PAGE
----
On the other hand, she has no excuse either. And actually, I have no excuse. I have no excuse for continuing a relationship that I could see was full of “holy shit, what’s wrong now” moments. But the chemistry was on. And I had not felt chemistry for a long, long time. I might be addicted to hot chemistry or sex, but not getting either for years and years was a harsh form of torture, for someone like me who thrives on touch.

And we touched, but she pushed me off sometimes. And she told me constantly how we would eventually break up, and she mused occasionally about what it would be that would finally do it.

playdates for adults

Breaking Up Is Easy

I must’ve learned in my family of origin, as a little boy, how to repair and attempt resuscitation for bad relationships. I tried and tried to keep my parents together. I excelled at school. I excelled in football and tennis. I was a childhood magician. I worked hard as the mascot or hero-child to keep everyone happy. And when my parents split for the first time, because of my dad’s drinking, I was the one who brought them back together.

I’m not making this up. That’s what I was told, by my alcoholic father. And when the “try” didn’t work and my mom left for Mexico with everyone but me and my dad, I again went into hyper-performance mode to try to make things better. But there was no fixing my dad. And over the next two years, he fought to win me. I think it was more about the money than me, but he liked to tell me he was doing it for me. Of course, he was drunk when he was telling me this, but that didn’t keep it from registering deeply in my 7-year-old heart.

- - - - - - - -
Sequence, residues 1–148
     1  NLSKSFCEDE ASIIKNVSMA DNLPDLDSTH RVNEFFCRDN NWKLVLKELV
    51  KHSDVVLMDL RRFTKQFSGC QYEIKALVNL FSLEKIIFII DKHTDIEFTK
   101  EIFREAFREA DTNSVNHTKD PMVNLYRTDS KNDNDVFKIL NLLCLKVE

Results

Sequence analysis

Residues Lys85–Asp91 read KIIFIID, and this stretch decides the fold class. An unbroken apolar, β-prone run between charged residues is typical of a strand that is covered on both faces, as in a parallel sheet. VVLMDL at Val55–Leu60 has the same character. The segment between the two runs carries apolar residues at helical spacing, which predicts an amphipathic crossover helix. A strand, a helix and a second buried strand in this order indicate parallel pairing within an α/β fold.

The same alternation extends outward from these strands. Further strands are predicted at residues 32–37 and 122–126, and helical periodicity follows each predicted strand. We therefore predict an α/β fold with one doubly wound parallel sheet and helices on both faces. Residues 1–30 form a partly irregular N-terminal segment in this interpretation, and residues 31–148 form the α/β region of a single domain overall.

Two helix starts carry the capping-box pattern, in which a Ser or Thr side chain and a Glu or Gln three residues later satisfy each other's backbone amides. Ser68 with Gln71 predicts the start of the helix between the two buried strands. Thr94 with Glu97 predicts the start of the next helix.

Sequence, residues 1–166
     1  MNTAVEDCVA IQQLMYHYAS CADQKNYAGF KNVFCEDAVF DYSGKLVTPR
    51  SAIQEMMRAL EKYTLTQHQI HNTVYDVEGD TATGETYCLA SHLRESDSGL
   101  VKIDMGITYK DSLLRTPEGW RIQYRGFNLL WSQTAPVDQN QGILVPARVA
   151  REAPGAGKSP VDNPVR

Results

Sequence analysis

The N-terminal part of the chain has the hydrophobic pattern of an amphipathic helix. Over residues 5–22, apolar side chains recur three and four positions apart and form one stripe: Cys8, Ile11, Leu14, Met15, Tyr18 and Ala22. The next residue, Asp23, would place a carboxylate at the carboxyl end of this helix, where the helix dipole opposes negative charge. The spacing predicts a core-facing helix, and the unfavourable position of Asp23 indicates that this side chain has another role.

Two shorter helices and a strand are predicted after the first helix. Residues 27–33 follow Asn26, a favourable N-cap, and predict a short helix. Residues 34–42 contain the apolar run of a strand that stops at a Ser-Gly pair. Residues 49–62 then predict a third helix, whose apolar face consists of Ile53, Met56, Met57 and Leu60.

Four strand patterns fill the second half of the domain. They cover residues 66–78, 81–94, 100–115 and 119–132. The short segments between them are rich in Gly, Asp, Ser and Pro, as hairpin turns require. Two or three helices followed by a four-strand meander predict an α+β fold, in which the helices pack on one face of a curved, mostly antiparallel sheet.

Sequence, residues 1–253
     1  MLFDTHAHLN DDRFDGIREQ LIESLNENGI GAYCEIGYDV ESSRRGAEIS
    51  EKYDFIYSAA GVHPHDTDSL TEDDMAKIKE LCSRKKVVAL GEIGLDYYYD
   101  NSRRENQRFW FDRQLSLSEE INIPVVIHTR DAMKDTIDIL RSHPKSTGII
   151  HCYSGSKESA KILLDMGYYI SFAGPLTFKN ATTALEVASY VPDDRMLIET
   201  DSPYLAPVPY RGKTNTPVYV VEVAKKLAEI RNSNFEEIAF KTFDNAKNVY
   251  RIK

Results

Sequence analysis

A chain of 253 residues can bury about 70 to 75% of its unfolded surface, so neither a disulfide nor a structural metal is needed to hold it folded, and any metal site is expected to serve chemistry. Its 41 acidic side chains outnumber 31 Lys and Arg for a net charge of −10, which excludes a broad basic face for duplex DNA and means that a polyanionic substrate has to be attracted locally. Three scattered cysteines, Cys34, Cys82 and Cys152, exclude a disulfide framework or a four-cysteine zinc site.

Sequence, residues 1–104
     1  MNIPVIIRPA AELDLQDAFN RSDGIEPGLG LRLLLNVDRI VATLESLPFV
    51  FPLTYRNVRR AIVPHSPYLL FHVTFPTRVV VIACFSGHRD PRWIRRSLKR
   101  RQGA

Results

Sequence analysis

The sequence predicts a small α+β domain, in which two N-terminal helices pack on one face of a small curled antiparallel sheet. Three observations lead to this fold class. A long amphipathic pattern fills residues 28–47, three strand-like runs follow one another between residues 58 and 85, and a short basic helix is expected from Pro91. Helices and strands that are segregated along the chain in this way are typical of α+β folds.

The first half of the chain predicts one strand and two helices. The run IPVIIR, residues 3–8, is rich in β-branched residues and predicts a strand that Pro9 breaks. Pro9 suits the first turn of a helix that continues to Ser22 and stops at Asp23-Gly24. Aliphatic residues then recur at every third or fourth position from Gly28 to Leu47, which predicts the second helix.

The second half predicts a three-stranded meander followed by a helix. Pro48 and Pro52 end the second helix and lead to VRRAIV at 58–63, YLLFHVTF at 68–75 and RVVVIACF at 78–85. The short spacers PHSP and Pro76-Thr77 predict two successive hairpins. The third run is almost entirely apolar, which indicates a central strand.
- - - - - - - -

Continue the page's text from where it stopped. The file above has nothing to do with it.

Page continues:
I can’t repair a broken person. No one can. And my first “love” post-divorce was no different. And even as I bucked against the breakups, and saw the signs that this was a deeply wounded person, I was addicted to the … What?

Addicted to Longing and Absence

Was I enjoying the suffering? I don’t think so. Was it familiar? Very. Did the dramatic breakups feel familiar? Yep, right out of the last 4 years of my marriage.

But she would not be healed by me or anyone else. She would only recover from her anger and sadness about her divorce, by going through it, in some sort of therapeutic setting. And I was not that path. I didn’t fantasize that I was the healer, but I DID try to be big enough to contain her thrashing against the feelings towards and against me. These feelings were more about her and her ex than anything I brought to the relationship. It’s sad to see it happening. And I was soooooo connected to her physically. But of course, that’s my obsession.

Well, ultimately the book of poems wasn’t enough. Even with the crowning poem being a direct plea to her, or protestation, or warning… it’s hard to tell sometimes. But the poems were definitely me expressing MY wants and HOPES regardless of what I was seeing in her actions.

In recovery of any kind, it is not for us to fix each other. The support is so that we can find our own path to fixing ourselves. And as we find ourselves in relationships with unhealthy people, it’s is our responsibility to do what is best for our health. And trying to be supportive and loving is one of those things we can do. Trying to be loving enough to get them to change, well that’s the trap right there.

Waiting for the Other Person to Change

So I wanted to change her. No doubt about it. I could say it with a straight face, full-well knowing that I was nuts. I wanted to blow her wide open with stability and love poems and clarity of intention. But… As the story goes, every. single. time. there is no fixing the other person. And the more we work towards or wait for them to change, the further we get from our own integrity.